The Four Stages of Labor

There are four stages of labor.

First Stage of Labor

Thinning (effacement) and opening (dilation) of the cervix

During the first stage of labor, contractions help your cervix to thin and begin to open. This is called effacement and dilation. As your cervix dilates, your health care provider will measure the opening in centimeters. One centimeter is a little less than half an inch. During this stage, your cervix will widen to about 10 centimeters. This first stage of labor usually lasts about 12 to 13 hours for a first baby, and 7 to 8 hours for a second child.

The first stage of labor has three parts:

1. Early labor

Cervix beginning to dilate Your cervix opens to 4 centimeters. You will probably spend most of early labor at home. Try to keep doing your usual activities. Relax, rest, drink clear fluids, eat light meals if you want to, and keep track of your contractions. Contractions may go away if you change activity, but over time they'll get stronger. When you notice a clear change in how frequent, how strong, and how long your contractions are, and when you can no longer talk during a contraction, you are probably moving into active labor.

2. Active labor

Cervix beginning to dilate Your cervix opens from 4 to 7 centimeters. This is when you should head to the hospital. When you have contractions every 3 to 4 minutes and they each last about 60 seconds, it often means that your cervix is opening faster (about 1 centimeter per hour). You may not want to talk as you become more involved in dealing with your contractions. As your labor progresses, your bag of waters may break, causing a gush of fluid. After the bag of waters breaks, you can expect your contractions to speed up.

Slow, easy breathing is usually helpful at this time. Focusing on positive, relaxing images or music may also be helpful. Changing positions, massage, and hot or cold compresses can help you feel better. Walking, standing, or sitting upright will help labor progress. Relaxing during and between contractions saves your energy and helps the cervix to open. Many hospitals have whirlpool or soaking tubs that may help you relax and ease discomfort.

3. Transition to second stage

Cervix beginning to dilate Your cervix opens from 7 to 10 centimeters. For most women, this is the hardest or most painful part of labor. This is when your cervix opens to its fullest. Contractions last about 60 to 90 seconds and come every 2 to 3 minutes.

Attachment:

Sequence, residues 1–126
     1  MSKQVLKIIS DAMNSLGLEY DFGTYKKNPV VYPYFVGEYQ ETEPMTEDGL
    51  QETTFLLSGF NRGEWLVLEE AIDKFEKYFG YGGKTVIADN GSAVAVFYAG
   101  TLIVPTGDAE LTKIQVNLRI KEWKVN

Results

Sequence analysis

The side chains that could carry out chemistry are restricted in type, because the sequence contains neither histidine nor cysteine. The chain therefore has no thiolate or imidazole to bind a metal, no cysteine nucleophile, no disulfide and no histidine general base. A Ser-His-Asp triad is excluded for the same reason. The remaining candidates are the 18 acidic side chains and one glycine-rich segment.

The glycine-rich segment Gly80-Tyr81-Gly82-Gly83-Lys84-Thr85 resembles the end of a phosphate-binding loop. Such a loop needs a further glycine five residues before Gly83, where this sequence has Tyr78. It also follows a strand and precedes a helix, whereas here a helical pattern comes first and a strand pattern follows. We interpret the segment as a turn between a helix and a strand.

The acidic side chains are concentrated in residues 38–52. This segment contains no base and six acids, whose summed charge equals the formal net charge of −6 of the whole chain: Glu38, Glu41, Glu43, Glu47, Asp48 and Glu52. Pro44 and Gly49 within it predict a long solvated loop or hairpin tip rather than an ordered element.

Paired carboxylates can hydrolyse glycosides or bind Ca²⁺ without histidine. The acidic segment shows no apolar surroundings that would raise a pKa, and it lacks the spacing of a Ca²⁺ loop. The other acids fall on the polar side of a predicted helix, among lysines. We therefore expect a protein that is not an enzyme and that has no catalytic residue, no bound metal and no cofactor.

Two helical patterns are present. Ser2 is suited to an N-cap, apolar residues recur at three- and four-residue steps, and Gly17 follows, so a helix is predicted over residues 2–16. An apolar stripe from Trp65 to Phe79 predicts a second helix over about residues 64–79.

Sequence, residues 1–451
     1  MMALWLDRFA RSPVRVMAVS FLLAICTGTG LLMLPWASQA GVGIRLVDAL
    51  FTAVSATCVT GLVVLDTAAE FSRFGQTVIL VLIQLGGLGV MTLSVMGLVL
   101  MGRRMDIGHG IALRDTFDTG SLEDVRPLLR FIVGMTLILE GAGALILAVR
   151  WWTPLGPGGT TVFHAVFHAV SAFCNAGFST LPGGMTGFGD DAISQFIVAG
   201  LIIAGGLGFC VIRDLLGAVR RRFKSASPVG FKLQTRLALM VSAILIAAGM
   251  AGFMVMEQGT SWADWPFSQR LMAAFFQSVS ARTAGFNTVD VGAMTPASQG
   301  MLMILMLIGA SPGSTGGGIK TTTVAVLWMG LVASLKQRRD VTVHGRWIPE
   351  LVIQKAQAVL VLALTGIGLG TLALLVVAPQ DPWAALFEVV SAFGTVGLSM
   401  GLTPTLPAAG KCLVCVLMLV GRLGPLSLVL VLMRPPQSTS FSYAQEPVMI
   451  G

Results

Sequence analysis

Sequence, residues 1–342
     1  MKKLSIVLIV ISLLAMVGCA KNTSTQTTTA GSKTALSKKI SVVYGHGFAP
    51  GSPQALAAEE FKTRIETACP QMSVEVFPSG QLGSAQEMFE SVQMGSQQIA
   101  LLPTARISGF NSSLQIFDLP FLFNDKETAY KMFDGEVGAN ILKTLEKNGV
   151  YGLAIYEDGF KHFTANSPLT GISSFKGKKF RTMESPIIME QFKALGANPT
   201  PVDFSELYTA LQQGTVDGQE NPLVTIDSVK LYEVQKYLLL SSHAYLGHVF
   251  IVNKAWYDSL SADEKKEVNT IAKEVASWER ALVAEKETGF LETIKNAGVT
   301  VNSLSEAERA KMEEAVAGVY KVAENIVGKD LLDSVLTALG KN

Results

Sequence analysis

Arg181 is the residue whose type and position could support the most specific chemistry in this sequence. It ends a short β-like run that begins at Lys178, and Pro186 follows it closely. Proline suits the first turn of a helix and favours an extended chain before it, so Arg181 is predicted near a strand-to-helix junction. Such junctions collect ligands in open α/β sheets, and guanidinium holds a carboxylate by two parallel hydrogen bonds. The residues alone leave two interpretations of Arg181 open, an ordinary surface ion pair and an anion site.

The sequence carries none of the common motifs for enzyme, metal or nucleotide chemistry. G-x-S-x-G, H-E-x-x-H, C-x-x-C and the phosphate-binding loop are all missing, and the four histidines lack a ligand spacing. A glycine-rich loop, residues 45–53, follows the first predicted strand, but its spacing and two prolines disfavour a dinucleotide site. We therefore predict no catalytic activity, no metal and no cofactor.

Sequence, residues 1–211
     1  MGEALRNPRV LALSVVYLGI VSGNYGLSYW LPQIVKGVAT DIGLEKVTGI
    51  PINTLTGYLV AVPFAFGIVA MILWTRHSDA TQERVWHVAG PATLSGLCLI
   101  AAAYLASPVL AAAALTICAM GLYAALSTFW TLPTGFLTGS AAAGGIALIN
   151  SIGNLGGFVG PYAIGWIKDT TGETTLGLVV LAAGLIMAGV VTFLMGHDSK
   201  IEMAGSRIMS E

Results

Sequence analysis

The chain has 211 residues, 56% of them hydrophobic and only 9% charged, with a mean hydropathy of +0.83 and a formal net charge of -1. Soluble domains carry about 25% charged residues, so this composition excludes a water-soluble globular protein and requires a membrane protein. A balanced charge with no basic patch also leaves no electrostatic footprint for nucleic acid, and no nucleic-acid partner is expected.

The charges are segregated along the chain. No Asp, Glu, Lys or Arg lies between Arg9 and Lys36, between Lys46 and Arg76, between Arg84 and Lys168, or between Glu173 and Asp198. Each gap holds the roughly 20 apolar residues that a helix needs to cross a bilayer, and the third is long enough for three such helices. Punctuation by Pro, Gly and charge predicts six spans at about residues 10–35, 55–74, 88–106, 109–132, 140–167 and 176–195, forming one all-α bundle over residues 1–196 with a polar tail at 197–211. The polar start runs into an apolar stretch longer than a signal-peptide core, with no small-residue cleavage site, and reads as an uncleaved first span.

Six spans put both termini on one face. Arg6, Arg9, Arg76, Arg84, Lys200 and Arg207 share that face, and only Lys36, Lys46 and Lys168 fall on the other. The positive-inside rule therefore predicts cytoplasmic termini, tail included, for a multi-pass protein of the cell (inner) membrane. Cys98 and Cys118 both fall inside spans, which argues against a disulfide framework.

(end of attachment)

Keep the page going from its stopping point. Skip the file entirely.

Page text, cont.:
There is very little time to rest and you may feel overwhelmed by the strength of the contractions. You may feel tired, frustrated, or irritated, and may not want to be touched. You may feel sweaty, sick to your stomach, shaky, hot, or cold. Although you may find slow, easy breathing to be most effective throughout labor, you may also find an uneven breathing pattern most helpful at this time.

Second Stage of Labor

Your baby moves through the birth canal

The second stage of labor begins when the cervix is completely dilated (open), and ends with the birth of your baby. Contractions push the baby down the birth canal, and you may feel intense pressure, similar to an urge to have a bowel movement.

Your health care provider may ask you to push with each contraction. The contractions continue to be strong, but they may spread out a bit and give you time to rest. The length of the second stage depends on whether or not you've given birth before and how many times, and the position and size of the baby.

The intensity at the end of the first stage of labor will continue in this pushing phase. You may be irritable during a contraction and alternate between wanting to be touched and talked to, and wanting to be left alone. It isn't unusual for a woman to grunt or moan when the contractions reach their peak.

Third Stage of Labor


After the birth of your baby, your uterus continues to contract to push out the placenta (afterbirth). The placenta usually delivers about 5 to 15 minutes after the baby arrives.

Fourth Stage of Labor


Your baby is born, the placenta has delivered, and you and your partner will probably feel joy, relief, and fatigue. Most babies are ready to nurse within a short period after birth. Others wait a little longer. If you are planning to breastfeed, we strongly encourage you to try to nurse as soon as possible after your baby is born. Nursing right after birth will help your uterus to contract and will decrease the amount of bleeding.

From the "Birth Day News" series.

Clinical review by Jane Dimer, MD
Kaiser Permanente
Reviewed 03/01/2014